Sunday, September 14, 2014
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Arjuna is warrior-chief of the Pandava clan, and a disciple of Sri Krishna. Yet, Arjuna and Krishna are also close friends and comrades-at-arms. So, when Krishna tells Arjuna that he taught the truths of Bhagavad Gita to Vivaswat, a very early Hindu deity, Arjuna quite naturally objects, “Vivaswat was born long before you. How am I to believe that you were the first to teach this yoga?”
Krishna’s answer begins His self-revelation: “I am the birthless, the deathless … In every age I come back to deliver the holy, to destroy the sin of the sinner, to establish righteousness …” He goes on to describe His Divine manifestations and attributes, and concludes, “Whatever in this world is powerful, beautiful or glorious, that you may know to have come from a fraction of my power and glory.”
Arjuna believes what he has heard, yet is not fully content. He says, “O Supreme Lord, you are as you describe yourself to be: I do not doubt that. Nevertheless, I long to behold your divine Form.”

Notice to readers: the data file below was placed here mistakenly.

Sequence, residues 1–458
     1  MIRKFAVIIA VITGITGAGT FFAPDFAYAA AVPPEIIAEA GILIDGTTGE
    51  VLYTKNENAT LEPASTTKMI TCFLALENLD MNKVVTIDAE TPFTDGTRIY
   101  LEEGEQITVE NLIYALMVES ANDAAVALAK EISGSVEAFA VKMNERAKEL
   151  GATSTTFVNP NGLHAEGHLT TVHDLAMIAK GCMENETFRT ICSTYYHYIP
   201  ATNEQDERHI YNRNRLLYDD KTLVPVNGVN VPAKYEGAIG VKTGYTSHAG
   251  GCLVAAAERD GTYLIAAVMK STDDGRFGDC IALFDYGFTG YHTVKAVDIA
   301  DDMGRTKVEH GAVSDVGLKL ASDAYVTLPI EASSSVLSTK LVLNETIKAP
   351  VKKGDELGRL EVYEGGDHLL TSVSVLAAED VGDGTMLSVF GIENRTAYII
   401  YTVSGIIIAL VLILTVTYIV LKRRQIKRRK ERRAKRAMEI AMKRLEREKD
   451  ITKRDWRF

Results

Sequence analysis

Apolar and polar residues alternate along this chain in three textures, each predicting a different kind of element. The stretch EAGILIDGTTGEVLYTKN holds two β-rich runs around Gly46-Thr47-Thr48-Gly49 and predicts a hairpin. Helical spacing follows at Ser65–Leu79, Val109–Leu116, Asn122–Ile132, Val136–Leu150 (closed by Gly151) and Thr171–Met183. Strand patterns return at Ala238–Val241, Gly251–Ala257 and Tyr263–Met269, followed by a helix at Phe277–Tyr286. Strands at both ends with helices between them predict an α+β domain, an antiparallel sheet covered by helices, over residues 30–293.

Krishna is pleased that his student yearns to go beyond mere hearing; He allows Arjuna to see His Universal Form. Sanjaya, the Gita’s narrator, says, “Suppose a thousand suns should rise together into the sky: such is the glory of the Shape of Infinite God.”
After a time Arjuna pleads, “I have seen what no man ever saw before me: Deep is my delight, but my dread is still greater. Show me now your other Form, O Lord … Show me now the Shape I knew of old …” Sanjaya reports, “The Great-Souled One, assuming once more his mild and pleasing form, brought peace to (Arjuna) in his terror.”
Krishna then reassures Arjuna about what he has seen. Yet, what He says is just ambiguous enough to cause Arjuna to ask this question, which opens Chapter 12: “Some worship you with steadfast love. Others worship God the unmanifest and changeless. Which kind of devotee has the greater understanding of yoga?”
Sri Krishna’s straightforward answer is the subject of this talk.